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11 Sep, 2014 14:24

EC suspends aid to farmers hit by Russian food ban after claims exceed annual trade

EC suspends aid to farmers hit by Russian food ban after claims exceed annual trade

The European Commission has suspended its aid to European farmers hit by the Russian import ban.

The amount of submitted claims for some products is several times higher than EU’s annual trade with Russia, with some sources blaming Poland for the exaggerations.

The 125 million euros ($160 million) scheme was announced on August 18 after Russia responded to several rounds of western sanctions with a ban on import on food from the countries involved. EU members, particularly those close to Russia, were most affected by the loss of the Russian market.

The money was meant to compensate the damage caused to producers of perishable fruits and vegetables. Apple and pear producers were entitled to receive up to 82 million euros ($106 million) and 43 million euros ($56 million) respectively with the rest of the sum going to growers of tomatoes, cabbages, grapes and a dozen other products.

But the scheme has proved to be inefficient and needs to be suspended now, the Commission announced.

“There has been strong interest from the sectors concerned, but the scheme has to be closed due to a disproportionate surge in claims – for example where the figures submitted for some products are several times higher than the total EU average annual exports to Russia,” the EC said in a statement.

Employees sort and pack apples at RAJPOL company, near Grojec, Poland, August 4, 2014. (Reuters / Filip Klimaszewski)

The statement added that the claims received so far have already reached the threshold and will have to be modified for a more targeted approach.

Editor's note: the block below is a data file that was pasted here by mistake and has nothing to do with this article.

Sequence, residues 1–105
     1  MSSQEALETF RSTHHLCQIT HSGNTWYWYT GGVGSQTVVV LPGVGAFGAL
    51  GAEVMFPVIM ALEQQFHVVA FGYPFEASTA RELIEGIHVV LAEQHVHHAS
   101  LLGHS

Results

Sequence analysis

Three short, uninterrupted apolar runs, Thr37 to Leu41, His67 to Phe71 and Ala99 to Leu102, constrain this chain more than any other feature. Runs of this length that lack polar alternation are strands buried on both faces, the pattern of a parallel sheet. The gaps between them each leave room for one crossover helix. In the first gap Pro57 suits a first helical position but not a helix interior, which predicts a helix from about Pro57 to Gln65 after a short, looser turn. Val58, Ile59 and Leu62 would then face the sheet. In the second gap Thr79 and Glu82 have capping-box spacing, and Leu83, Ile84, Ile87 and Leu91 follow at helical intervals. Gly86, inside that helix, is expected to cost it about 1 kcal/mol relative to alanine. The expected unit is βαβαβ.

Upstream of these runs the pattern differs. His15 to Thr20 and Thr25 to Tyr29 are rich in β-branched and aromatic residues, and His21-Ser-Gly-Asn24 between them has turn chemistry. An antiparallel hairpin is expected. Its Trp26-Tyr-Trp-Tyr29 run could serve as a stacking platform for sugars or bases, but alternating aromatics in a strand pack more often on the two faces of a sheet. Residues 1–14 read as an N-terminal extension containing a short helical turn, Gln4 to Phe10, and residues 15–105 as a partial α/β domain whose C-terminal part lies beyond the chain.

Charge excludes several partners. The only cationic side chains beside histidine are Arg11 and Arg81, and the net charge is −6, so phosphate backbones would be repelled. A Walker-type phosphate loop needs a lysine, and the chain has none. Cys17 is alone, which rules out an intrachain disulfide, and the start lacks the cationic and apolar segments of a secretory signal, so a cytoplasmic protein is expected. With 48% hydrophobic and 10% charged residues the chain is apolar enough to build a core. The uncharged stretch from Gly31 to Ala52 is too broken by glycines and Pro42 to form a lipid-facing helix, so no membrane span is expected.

The EC said figures submitted for some products were several times higher than the average of what the EU exported to Russia annually in previous years and that it "questions whether all the claims submitted are realistic."

The European officials didn’t specify whether they suspected any particular producers or EU members of the apparent fraud, but some media reports cite sources as blaming Poland.

Polish farmers had submitted 87 percent of all claims for support and had demanded compensation for more than double the EU‘s overall annual exports to Russia of cauliflowers, broccoli and cabbages, the sources claimed. Figures for cucumbers and gherkins were almost five times higher than annual EU exports.

Of all the countries affected by the Russian import ban Poland arguably reacted most vocally. Many Polish politicians and public figures campaigned for a patriotic surge in domestic apple consumption with the slogan, “Eat apples to spite Putin.” Warsaw also sought emergency access to the American market to compensate the loss of the Russian one, without much success.